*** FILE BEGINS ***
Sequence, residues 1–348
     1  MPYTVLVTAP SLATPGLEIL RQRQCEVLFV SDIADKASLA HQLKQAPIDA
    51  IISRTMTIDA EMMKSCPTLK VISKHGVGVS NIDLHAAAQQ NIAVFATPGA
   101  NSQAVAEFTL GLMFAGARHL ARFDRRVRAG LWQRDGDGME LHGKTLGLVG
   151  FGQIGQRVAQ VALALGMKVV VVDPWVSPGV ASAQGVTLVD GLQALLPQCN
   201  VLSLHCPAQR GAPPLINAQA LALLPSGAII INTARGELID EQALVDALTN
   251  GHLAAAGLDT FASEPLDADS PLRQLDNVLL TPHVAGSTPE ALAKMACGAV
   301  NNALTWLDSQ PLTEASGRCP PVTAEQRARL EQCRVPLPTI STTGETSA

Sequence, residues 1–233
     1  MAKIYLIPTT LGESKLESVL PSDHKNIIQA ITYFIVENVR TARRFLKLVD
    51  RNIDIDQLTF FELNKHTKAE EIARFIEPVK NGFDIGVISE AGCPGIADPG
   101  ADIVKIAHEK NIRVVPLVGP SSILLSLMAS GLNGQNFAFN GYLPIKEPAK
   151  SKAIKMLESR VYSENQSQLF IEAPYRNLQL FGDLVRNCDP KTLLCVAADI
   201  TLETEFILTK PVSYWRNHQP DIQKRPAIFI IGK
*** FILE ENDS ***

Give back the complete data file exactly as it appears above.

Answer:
Sequence, residues 1–348
     1  MPYTVLVTAP SLATPGLEIL RQRQCEVLFV SDIADKASLA HQLKQAPIDA
    51  IISRTMTIDA EMMKSCPTLK VISKHGVGVS NIDLHAAAQQ NIAVFATPGA
   101  NSQAVAEFTL GLMFAGARHL ARFDRRVRAG LWQRDGDGME LHGKTLGLVG
   151  FGQIGQRVAQ VALALGMKVV VVDPWVSPGV ASAQGVTLVD GLQALLPQCN
   201  VLSLHCPAQR GAPPLINAQA LALLPSGAII INTARGELID EQALVDALTN
   251  GHLAAAGLDT FASEPLDADS PLRQLDNVLL TPHVAGSTPE ALAKMACGAV
   301  NNALTWLDSQ PLTEASGRCP PVTAEQRARL EQCRVPLPTI STTGETSA

Sequence, residues 1–233
     1  MAKIYLIPTT LGESKLESVL PSDHKNIIQA ITYFIVENVR TARRFLKLVD
    51  RNIDIDQLTF FELNKHTKAE EIARFIEPVK NGFDIGVISE AGCPGIADPG
   101  ADIVKIAHEK NIRVVPLVGP SSILLSLMAS GLNGQNFAFN GYLPIKEPAK
   151  SKAIKMLESR VYSENQSQLF IEAPYRNLQL FGDLVRNCDP KTLLCVAADI
   201  TLETEFILTK PVSYWRNHQP DIQKRPAIFI IGK